Hutton report on public service pensions
I do not imagine Lord Hutton is expecting to be very popular today.
Public service workers will be angry at further cuts to the value of public service pensions, which he reveals have already been effectively cut by 25 per cent if you take the effects of the 2005 negotiated changes and the switch to CPI indexation into account. (That’s a startling, and I think new, figure).
There is much big picture stuff, but with pensions the cliche is unavoidable – the devil is very much in the detail. The structural changes he suggests could further reduce pensions significantly, and while he does want to protect the low paid, the middle could end up being squeezed pretty hard. A simple switch to career average schemes that does not inject any of the savings back into the scheme for example would benefit almost nobody, but hit some hard.
But the small-state right who have been gunning for public sector pensions will also be disappointed. Hutton specifically rejects their critique that public sector pensions are gold-plated – I seem to remember that this was the language used by both coalition parties. This is what Hutton says in his foreword:
It is mistaken to talk about ‘gold-plated’ pensions as being the norm across the public sector. In the most part, the pensions that are paid out to public service employees when they retire are fairly modest by any standard, although in part these reflect part-career or part-time working. For some people these modest pensions now look over generous because of the changes that have taken place in the private sector over the last 30 years or so, where pensions have become generally much less valuable than they used to be. Fewer people in the private sector are also contributing to a pension. I hope these negative trends can be reversed and I fully support efforts to do so.
This downward drift in pension provision in the private sector does not however provide sufficient support or justification in my view for the argument that pensions in the public sector must therefore automatically follow the same course. I regard this as a counsel of despair. In making clear I believe there is a case for further reform I have therefore rejected a race to the bottom as the only answer, and hope that reformed public service pensions can be seen as once again providing a benchmark for the private sector to aim towards.
Many of the critics object to unfunded pay-as-you-go pensions in principle. Hutton defends them:
The Commission has also come to the conclusion that it remains reasonable to continue to operate arrangements without actual funds as the basic financing model, given the risks, lack of obvious economic benefit and transition costs of moving to a fully funded model. Equally, there is no reason to de-fund existing funded schemes.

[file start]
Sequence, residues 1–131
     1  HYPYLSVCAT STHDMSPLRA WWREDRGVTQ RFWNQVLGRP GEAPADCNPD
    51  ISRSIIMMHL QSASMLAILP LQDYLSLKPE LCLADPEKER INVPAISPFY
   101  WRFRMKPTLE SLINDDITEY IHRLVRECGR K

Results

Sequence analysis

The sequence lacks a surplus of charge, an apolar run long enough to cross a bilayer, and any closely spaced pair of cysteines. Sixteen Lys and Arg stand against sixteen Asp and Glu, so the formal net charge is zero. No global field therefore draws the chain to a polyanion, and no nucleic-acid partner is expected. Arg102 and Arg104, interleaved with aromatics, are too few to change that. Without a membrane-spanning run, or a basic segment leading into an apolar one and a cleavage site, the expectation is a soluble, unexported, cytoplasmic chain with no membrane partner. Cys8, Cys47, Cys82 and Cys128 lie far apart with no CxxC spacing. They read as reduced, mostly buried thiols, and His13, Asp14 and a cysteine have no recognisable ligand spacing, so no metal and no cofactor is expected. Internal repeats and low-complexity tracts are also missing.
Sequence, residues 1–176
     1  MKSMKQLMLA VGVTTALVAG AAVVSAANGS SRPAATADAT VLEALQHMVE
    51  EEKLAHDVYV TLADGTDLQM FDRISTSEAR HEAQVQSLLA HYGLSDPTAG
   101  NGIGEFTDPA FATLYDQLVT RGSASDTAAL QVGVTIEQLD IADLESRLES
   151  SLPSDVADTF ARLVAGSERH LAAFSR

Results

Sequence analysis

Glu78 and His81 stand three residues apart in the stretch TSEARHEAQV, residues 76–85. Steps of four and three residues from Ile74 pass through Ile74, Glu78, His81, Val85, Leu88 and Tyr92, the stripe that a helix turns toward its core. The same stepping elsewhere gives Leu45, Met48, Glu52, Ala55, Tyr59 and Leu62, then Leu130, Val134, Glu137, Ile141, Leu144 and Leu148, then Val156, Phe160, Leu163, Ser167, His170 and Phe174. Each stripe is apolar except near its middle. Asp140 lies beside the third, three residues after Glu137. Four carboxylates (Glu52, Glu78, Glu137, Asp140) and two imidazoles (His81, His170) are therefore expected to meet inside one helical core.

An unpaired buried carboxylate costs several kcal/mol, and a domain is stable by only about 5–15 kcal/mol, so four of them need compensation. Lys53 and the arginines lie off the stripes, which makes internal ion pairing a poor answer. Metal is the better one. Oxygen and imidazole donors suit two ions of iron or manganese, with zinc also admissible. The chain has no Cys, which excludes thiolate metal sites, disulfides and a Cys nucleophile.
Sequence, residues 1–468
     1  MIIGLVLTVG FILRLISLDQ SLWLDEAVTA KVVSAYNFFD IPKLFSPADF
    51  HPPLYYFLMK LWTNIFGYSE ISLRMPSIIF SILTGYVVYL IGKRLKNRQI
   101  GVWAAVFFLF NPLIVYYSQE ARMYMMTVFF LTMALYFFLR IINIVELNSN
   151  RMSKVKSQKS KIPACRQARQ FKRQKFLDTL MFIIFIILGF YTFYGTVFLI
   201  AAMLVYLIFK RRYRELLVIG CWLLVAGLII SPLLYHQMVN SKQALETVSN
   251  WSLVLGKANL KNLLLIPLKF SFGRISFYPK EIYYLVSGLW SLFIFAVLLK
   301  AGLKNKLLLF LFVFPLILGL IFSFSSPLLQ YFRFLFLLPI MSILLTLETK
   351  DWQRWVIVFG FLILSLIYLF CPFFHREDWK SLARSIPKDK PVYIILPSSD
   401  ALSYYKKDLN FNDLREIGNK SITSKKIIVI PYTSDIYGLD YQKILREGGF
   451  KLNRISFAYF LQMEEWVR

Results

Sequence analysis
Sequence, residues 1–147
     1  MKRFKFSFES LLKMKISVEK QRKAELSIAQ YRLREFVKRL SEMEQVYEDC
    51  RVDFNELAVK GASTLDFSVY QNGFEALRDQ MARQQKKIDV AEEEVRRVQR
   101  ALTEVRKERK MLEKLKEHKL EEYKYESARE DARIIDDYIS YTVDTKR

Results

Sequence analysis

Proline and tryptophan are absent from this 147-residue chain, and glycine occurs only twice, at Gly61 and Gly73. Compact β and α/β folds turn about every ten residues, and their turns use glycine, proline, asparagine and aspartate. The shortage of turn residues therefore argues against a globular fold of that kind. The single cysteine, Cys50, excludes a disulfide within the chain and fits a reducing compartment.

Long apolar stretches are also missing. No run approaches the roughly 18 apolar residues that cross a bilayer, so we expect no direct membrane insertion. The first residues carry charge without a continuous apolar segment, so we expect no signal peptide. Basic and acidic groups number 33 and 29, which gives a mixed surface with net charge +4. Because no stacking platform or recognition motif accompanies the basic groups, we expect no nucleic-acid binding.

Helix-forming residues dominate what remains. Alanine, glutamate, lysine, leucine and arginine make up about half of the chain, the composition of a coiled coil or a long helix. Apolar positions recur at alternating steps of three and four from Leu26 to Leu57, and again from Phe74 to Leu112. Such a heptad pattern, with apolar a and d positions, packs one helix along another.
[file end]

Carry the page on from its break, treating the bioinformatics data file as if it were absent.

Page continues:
This adds up to big slap-down for the Tax Payers’ Alliance led critique of public sector pensions. And again on the radio today Hutton rejected the big scary numbers approach of expressing all future pension payments as if they had to be paid today. In line with the Treasury, the NAO and the OBR he says the best way of assessing the cost of pensions is to look at payments as a proportion of GDP. The chart shows that costs are not out of control.
Ministers are also likely to be disappointed. The review does not produce detailed proposals for ways of cutting pension costs in the short-term. Much of the rhetoric around “out of control” public sector pensions suggested there were easy cuts that could make an immediate contribution to cutting the deficit. All that Hutton does is state the obvious – the only way to reduce costs in the short-term is to increase member contributions. But he says that it is entirely up to the government to decide the manner and level of increases with this warning:
However, the Commission feels that any increases should be managed so as to protect the low paid and, if possible, increases in contributions should be staged and need to be considered with a view to preventing a significant increase in opt out rates.
Ministers face a further strategic dilemma. Go back and read the quote about comparisons with the private sector again and in particular:
(I hope that) reformed public service pensions can be seen as once again providing a benchmark for the private sector to aim towards.
That rather clunky sentence begs a rather important question. What is the government going to do to provide pensions in the private sector that meet this benchmark? Of course the 2012 reforms will get millions saving for the first time (subject to the current review), but while that is a historic advance, no-one can pretend that people will build up decent pensions on the minimum contributions required after 2012 – particularly the low-paid that Hutton wants to see have decent pensions.